Klara G loved the theater when she was a child. She still does. In fact, if there is one thing that defines her work as a photographer, it is her ability to create her own little worlds in which she sets the rules and tells the story.
“I’ve always loved the theater and I think I brought that with me when I got into photography,” says Klara. “I’ve always had, and I still have, a huge box of toys, trinkets, Lego and masquerade costumes in my studio. In a sense, being a photographer is much like being a theater director. You create a scene, you direct and you tell a story.”
With this in mind it come should come as no surprise that Klara went straight from photo school to working as an in-house photographer at the Royal Dramatic Theater in Stockholm. As such, she photographed the plays, took portraits of the directors and actors, and did the promotional artwork for the theatre. But after a few years she felt the need to move on and today she is a freelancer, shooting all kinds of things – portraits, fashion, still life, fine art, interior, you name it.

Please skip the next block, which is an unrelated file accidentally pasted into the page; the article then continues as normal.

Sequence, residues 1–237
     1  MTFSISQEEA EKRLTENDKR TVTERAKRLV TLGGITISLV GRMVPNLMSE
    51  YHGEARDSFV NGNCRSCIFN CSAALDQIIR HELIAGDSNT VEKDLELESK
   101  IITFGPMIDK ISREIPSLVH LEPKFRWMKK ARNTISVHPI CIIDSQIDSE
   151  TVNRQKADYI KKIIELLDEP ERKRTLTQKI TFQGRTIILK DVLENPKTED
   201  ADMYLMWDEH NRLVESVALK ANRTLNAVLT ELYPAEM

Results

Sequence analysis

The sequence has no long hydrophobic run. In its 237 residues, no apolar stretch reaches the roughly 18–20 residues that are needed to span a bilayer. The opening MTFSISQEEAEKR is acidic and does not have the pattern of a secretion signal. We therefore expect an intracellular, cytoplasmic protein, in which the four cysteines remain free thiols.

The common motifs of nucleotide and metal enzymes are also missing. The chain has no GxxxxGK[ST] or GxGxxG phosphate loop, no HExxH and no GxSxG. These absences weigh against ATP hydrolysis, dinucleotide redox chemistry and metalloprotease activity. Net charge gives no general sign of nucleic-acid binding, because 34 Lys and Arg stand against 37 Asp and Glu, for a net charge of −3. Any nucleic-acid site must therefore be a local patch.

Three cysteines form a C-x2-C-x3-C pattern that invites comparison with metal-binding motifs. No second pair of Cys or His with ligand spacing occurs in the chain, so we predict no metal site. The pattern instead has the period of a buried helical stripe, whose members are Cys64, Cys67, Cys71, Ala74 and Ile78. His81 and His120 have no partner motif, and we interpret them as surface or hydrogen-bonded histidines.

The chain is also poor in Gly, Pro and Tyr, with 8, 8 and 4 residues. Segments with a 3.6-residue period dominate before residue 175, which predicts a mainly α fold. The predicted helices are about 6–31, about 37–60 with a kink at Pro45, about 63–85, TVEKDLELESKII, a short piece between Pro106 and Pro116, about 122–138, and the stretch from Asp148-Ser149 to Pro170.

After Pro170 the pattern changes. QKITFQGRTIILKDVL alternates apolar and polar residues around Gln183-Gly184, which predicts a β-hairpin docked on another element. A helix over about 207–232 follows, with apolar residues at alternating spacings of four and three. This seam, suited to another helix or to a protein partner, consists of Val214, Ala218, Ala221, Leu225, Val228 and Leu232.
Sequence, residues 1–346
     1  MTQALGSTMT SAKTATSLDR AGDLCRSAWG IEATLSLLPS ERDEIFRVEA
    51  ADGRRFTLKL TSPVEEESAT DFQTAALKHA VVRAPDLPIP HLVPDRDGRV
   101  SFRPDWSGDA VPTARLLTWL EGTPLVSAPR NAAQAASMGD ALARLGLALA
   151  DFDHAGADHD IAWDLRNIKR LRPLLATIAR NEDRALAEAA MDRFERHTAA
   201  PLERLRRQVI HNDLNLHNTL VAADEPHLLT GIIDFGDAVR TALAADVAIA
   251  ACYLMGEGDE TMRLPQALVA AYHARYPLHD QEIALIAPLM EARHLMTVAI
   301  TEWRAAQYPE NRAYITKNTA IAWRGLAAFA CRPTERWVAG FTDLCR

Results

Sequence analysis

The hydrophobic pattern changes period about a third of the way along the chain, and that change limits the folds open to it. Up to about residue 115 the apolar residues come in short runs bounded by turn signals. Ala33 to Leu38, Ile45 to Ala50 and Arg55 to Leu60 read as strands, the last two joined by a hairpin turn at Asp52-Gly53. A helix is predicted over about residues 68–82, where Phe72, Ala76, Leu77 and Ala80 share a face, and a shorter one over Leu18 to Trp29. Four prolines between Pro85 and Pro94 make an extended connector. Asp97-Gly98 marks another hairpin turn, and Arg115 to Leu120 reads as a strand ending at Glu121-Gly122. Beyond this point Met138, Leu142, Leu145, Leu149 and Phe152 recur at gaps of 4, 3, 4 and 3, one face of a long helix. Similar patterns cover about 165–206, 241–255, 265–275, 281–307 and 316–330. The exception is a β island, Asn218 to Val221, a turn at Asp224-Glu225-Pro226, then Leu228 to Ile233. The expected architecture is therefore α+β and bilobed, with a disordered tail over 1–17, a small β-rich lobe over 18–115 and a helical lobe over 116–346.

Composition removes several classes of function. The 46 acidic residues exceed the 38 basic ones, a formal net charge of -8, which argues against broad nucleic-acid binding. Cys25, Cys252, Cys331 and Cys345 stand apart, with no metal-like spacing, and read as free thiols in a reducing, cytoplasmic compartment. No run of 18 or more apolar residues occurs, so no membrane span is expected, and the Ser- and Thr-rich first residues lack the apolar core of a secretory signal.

Apart from the theatric feel that recurs in your images, what else would you say that they have in common? What is the element they all share?
“The light. I have certain preferences when it comes to light, and I tend to light all my pictures in a certain way, regardless of whether I’m shooting portraits, fashion or fine art.”
And in what way is that?
“First of all, I always use as few light sources as possible. I learned this from my old teacher Johan Westin. It’s so easy to add more and more lights, but having just one or two light sources is often a lot more powerful. Secondly, I’m a bit of a traditionalist. I tend to look to the classical painters for inspiration. For instance, you’ll notice that I use a lot of Rembrandt lighting. Soft but dramatic – I like that. Last but not least, I want the light to feel effortless and authentic. It doesn’t necessarily have to be or even look real. But it has to feel real.” Read More